If you have a Discover Card, log in to your account and go to the to view and configure your account activity alerts. From there you can switch alert notifications on/off and choose to receive the alerts via text, email, or both.

Discover gives you more control over your personal information online by regularly helping you to remove it from select people-search sites that could sell your data. It’s free, activate with the Discover app.1

More on security and fraud alerts

Credit cards design notification settings to help you stay on top of payments and alert you to potential fraud. When you keep an eye out for potential security and fraud breaches you help protect you and your credit score. You can usually set up alerts from your credit card issuer for cash advances; purchases made outside of the U.S.; as well as purchases made online, by phone, or by mail.

If you believe you’re the victim of a credit card scam or theft, you should contact your card issuer to report suspected fraud immediately. Contact your card issuer through the number on the back of your card or through your mobile app.

Because the person whole stole your information could have opened new accounts in your name, it’s important to monitor your credit report for any future suspected activity.

Did you know?

If you’re worried about fraud or unauthorized transactions on your account, we’re here to help. As an added layer of protection, Discover also offers a $0 Fraud Liability Guarantee. You’re never responsible for unauthorized purchases on your Discover Card.2

Important things to know about managing a card alert with Discover

You can stop text alerts by changing your preferences on your Discover account online, anytime. But you can also stop text communications by sending a text message from your mobile device with the word ‘STOP,’ to 347268 (DISCOV). 

If you don't have alerts, you can get quick account info when you text Discover at 347268 (DISCOV). Send the message MENU to see a menu of available options.

And while Discover Card gives you these notification services at no added charge, bear in mind that you may be responsible for message and data charges from your mobile phone provider. Finally, be sure to put discover@email.discover.com into your email address contacts to ensure that Discover’s messages aren’t sent to your spam box.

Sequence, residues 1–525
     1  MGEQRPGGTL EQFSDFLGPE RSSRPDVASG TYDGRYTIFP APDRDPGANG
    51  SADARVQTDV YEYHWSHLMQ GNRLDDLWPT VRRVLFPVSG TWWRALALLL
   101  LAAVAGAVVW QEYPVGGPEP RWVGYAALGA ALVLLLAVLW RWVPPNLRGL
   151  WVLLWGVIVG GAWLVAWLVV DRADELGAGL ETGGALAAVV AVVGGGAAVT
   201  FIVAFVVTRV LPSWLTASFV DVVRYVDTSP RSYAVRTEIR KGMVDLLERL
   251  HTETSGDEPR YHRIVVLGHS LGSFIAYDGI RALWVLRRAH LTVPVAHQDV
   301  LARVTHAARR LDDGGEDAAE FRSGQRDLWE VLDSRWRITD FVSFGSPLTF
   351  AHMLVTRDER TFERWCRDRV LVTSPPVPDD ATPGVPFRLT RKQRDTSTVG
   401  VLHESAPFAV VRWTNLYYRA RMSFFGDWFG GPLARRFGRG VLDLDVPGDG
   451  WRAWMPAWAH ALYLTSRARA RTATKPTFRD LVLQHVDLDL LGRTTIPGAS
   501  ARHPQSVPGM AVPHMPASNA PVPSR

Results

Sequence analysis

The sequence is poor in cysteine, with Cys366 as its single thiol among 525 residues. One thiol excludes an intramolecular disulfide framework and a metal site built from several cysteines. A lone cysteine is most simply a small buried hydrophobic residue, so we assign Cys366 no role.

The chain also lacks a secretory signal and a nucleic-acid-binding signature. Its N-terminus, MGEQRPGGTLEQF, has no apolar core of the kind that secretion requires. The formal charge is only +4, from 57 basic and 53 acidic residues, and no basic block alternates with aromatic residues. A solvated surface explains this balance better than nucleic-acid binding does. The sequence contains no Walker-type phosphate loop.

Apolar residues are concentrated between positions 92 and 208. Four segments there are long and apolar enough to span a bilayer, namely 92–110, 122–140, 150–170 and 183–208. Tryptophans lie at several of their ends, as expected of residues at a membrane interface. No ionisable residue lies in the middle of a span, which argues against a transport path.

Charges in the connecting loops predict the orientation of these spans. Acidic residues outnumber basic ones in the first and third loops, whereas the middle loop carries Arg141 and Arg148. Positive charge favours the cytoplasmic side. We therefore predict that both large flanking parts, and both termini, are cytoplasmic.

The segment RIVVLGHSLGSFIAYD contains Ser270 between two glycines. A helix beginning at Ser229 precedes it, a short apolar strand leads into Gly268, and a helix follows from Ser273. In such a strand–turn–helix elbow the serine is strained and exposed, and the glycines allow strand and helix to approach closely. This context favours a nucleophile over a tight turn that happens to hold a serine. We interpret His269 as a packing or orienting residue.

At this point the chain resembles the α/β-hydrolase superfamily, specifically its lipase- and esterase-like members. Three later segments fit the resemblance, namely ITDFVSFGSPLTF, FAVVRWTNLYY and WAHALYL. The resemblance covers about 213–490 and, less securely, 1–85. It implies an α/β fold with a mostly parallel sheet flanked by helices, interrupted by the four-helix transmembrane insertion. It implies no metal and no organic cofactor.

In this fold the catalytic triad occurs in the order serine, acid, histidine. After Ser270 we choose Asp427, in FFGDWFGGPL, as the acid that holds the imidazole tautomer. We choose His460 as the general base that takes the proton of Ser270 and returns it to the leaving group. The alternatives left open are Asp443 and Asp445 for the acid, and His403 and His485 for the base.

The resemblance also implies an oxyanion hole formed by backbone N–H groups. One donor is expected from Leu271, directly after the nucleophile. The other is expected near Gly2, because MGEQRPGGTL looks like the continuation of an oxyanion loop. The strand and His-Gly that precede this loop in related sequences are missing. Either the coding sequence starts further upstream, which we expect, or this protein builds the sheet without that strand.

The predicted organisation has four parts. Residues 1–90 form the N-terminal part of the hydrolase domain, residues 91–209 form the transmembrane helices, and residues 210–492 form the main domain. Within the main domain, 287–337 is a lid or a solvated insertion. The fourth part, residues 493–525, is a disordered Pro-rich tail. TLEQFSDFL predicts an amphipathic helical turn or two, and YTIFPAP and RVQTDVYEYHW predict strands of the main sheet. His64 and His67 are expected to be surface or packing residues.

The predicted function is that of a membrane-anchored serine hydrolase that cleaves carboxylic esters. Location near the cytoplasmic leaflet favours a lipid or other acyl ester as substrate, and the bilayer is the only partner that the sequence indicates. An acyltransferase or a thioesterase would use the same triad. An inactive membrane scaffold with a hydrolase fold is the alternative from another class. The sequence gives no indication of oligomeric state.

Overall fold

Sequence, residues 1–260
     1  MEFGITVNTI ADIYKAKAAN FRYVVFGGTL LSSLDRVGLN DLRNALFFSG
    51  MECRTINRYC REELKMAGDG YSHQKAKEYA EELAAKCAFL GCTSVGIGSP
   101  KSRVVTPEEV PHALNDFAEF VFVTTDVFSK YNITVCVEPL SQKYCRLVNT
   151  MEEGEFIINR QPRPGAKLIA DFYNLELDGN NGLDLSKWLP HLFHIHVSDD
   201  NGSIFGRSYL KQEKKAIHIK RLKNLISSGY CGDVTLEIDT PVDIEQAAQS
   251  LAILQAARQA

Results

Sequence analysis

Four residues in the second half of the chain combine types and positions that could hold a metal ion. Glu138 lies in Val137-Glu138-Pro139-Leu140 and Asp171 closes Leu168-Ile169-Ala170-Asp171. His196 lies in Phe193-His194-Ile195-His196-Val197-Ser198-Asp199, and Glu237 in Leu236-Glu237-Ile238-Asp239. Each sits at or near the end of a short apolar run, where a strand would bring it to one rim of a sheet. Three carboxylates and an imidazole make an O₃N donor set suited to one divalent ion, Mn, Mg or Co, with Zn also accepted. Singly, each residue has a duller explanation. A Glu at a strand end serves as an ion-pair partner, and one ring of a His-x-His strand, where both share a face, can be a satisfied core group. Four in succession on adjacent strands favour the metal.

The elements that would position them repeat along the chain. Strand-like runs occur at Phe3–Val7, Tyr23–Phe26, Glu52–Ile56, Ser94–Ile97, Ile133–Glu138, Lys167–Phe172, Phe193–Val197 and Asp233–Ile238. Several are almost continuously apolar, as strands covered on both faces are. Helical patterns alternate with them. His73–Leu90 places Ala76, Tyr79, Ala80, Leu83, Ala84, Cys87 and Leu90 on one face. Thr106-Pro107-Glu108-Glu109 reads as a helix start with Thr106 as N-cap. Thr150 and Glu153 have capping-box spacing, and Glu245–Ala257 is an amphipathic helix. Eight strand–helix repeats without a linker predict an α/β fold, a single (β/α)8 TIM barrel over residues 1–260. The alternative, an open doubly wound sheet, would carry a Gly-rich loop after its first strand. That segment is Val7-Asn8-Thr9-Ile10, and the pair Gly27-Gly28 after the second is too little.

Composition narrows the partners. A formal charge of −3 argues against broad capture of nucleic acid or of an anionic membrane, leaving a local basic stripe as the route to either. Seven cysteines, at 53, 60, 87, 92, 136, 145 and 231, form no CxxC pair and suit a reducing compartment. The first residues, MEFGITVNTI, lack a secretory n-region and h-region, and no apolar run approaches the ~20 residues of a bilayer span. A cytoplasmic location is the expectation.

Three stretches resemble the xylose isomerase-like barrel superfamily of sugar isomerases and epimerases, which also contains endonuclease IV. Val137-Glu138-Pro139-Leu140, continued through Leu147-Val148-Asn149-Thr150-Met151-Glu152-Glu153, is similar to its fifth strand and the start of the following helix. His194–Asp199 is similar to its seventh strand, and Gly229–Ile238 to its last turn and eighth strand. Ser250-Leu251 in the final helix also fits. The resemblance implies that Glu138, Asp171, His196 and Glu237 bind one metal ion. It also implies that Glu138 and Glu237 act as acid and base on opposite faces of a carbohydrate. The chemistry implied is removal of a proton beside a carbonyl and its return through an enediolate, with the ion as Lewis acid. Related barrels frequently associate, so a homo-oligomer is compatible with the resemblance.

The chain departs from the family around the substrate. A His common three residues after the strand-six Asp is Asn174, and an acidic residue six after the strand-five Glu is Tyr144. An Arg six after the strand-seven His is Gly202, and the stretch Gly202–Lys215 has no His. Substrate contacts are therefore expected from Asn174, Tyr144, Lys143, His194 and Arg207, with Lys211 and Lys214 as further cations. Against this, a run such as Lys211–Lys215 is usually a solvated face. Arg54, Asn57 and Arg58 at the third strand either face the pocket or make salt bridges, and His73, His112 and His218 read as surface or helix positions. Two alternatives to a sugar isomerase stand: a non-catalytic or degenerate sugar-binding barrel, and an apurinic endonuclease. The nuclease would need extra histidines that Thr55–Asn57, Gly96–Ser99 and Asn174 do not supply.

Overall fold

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  1. Online Privacy Protection: is offered by Discover Bank at no cost and only available in the mobile app. About every 90 days we will scan at least 10 select people-search sites for your online personal information and help you submit opt-out requests.  Types of personal information found on these sites will vary.
  2. $0 Fraud Liability: An “unauthorized purchase” is a purchase where you have not given access to your card information to another person or a merchant for one-time or repeated charges. Please use reasonable care to protect your card and do not share it with employees, relatives, or friends. Learn more at Discover.com/fraudFAQ.
  • Legal Disclaimer: This site is for educational purposes and is not a substitute for professional advice. The material on this site is not intended to provide legal, investment, or financial advice and does not indicate the availability of any Discover product or service. It does not guarantee that Discover offers or endorses a product or service. For specific advice about your unique circumstances, you may wish to consult a qualified professional.